A stage of medium length, characterised by a long and strenuous climb to Monte Sirino (1,907 m). The effort is rewarded by the incredible view we enjoy from the sanctuary on the summit, a unique place.
The climb to Monte Sirino is long and in the second part quite steep and exposed to the sun: it therefore requires good training.
Because of the strong sunlight, it is advisable to tackle the climb in the early hours of the morning.
Last water point at the Sanctuary of the Madonna del Sirino.
The descent from Monte Papa (from the saddle with the cable car) is on gravelly and very slippery ground, so be careful.
We leave Lago di Sirino and return to the cycle path that runs just above the lake along the flat southern slopes of Monte Sirino. We then turn off the path and take an easy dirt track to the left to begin the long climb (about 1,050 m height difference) to the summit. Shortly afterwards, we return to the tarmac road, cross under the motorway and, after a few bends, enter a small sheet metal subway; we return to the dirt track and start climbing again, mostly in the shade of the woods. We continue up to a large spring in the shade of huge beech trees, a good place to catch our breath for the second half of the climb.
From the spring we take the path; the path is not always visible and we have to sharpen our eyes to see the trail markers. The wood thins out until we are completely out in the open; after a short while, the track disappears on the ground and we walk by sight, following the markers whenever possible (in any case, the direction is very intuitive: uphill!). Then we reach a wood, return to the shade and enjoy a short flat stretch before returning to the track in the open and, with a traverse, we meet a wide path for the last metres of the ascent: we are on the summit of Monte Sirino (1,909 m), which houses the sanctuary of the same name (there is a fountain on the back and a small square that is always open where we can rest in the shade).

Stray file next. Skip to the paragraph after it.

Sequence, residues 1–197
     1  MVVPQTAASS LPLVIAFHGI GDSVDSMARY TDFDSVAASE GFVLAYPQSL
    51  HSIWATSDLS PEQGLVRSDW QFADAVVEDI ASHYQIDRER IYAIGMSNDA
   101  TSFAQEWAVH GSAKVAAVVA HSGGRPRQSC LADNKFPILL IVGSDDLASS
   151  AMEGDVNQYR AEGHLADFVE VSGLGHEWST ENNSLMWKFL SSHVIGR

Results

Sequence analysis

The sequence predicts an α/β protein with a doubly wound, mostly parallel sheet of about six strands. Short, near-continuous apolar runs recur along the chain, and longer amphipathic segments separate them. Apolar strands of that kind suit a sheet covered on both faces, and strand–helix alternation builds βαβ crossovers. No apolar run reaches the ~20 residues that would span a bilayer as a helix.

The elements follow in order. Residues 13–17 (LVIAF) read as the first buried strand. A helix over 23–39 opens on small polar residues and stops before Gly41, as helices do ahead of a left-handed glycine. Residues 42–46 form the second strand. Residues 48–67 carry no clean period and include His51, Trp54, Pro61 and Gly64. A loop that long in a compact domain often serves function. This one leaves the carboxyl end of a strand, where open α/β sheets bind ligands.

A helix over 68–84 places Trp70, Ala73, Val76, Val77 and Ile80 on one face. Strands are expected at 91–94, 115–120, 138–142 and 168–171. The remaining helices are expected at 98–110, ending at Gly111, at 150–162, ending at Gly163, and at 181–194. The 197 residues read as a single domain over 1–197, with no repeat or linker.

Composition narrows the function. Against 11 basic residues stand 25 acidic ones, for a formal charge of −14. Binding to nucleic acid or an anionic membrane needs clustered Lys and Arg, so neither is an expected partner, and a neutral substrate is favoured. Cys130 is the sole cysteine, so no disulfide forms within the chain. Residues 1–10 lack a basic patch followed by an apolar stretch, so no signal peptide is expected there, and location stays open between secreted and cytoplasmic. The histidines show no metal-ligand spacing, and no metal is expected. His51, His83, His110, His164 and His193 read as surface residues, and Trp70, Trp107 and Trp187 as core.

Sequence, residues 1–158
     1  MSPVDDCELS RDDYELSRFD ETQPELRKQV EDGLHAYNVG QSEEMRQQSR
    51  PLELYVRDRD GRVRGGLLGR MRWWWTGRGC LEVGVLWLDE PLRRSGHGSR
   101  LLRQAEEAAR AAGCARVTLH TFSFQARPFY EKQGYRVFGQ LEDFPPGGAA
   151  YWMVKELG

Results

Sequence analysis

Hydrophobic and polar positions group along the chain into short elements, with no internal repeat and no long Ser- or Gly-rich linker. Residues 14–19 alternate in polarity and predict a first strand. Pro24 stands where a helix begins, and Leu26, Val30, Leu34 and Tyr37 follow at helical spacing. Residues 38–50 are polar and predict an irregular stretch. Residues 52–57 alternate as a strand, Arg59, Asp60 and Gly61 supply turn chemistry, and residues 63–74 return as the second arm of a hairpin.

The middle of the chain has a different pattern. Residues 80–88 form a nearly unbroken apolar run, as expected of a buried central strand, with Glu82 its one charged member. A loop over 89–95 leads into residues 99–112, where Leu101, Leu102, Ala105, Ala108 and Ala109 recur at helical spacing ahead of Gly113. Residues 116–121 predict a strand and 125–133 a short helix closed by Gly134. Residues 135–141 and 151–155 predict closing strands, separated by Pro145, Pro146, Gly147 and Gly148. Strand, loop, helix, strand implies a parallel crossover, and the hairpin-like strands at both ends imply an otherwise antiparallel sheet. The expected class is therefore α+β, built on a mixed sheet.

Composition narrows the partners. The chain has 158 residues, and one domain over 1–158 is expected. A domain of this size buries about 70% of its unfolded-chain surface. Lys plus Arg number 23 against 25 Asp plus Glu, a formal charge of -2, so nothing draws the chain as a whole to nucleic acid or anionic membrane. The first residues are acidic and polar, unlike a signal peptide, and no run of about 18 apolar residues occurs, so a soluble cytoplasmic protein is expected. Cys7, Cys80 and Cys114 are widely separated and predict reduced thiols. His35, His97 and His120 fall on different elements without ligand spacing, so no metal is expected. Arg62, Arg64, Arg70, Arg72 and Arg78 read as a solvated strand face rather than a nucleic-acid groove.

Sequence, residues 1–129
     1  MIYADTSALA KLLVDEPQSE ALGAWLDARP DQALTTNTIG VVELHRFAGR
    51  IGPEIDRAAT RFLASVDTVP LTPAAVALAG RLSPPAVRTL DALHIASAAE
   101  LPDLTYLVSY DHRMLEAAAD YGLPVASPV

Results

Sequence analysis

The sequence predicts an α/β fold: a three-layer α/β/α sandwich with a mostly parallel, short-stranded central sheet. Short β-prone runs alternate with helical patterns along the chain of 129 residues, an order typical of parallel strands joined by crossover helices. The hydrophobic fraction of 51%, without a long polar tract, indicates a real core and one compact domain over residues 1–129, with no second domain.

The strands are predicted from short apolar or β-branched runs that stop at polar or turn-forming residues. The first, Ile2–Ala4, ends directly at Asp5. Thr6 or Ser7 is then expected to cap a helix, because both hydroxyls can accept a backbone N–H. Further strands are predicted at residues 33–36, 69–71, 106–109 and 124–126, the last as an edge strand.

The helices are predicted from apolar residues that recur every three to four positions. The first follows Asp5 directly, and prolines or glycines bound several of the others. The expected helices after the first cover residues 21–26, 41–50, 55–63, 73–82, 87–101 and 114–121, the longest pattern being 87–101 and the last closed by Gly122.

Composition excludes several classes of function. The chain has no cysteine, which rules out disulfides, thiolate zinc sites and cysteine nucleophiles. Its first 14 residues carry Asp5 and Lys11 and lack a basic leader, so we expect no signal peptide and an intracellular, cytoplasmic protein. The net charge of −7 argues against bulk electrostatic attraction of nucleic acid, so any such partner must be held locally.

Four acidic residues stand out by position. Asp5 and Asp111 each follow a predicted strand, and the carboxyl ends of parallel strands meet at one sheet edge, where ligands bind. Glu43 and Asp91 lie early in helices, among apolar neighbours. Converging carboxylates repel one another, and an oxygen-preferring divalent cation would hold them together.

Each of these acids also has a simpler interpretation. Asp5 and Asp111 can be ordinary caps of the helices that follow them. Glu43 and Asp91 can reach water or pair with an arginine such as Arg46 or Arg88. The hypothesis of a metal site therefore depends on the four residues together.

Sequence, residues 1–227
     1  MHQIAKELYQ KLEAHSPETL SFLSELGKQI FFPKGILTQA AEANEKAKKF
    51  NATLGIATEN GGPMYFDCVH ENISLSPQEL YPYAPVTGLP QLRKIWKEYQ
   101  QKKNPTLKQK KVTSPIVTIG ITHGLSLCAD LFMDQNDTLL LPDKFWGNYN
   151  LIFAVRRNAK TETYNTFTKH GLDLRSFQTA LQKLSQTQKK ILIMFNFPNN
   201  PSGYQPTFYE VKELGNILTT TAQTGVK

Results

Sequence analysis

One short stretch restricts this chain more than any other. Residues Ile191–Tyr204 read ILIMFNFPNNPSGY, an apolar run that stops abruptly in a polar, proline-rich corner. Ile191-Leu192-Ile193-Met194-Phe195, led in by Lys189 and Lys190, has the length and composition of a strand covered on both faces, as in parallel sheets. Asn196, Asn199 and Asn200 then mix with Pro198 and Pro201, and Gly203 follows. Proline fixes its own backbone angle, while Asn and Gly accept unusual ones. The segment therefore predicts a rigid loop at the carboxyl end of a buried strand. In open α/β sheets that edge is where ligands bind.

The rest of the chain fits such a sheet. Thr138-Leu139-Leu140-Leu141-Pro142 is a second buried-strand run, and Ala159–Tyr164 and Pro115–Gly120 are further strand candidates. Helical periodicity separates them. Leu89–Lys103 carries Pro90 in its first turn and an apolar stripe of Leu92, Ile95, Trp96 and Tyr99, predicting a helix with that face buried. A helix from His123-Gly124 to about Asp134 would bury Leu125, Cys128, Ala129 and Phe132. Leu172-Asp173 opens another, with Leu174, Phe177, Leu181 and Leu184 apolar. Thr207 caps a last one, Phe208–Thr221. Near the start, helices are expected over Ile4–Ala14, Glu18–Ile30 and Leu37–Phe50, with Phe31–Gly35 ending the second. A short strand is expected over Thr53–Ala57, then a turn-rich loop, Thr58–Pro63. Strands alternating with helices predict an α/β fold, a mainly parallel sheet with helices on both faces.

From the summit, we take a dirt road and lose altitude slightly until we reach a saddle, from which we re-enter the woods and continue on the flat until we come across a small path on the right that leads between the thick trees. This is how we begin the climb Monte Papa (about 150 m height difference): after the first stretch in the wood we come out into the open and, after a traverse, we climb gently up to the summit (on the left, 2,005 m), from where we have a wonderful view: the sea, Pollino, Cervati, the Lucanian Dolomites...
We continue to the summit and, after a traverse, we start the descent (about 550 m drop) to the Conserva hut. The path is clearly visible and leads to a pass near a cable car station: from there, along the cable car, the ground becomes gravelly and we have to be careful not to slip - the section is steep and treacherous. Then we enter the woods, the descent becomes gentler and we arrive near the asphalt road; but we turn right and walk along the ski slopes down the final descent to the hut, which is very popular in winter (thanks to the ski lifts) as well as in summer.
Rifugio la Conserva is located in the municipality of Lauria, a vast area that stretches from 600 to 900 metres above sea level.
The place is sadly famous for the “Massacre of Lauria” (or Sacco, or Siege): a massacre perpetrated in 1806 by Napoleon’s troops on the local population who had risen up for the Bourbon crown.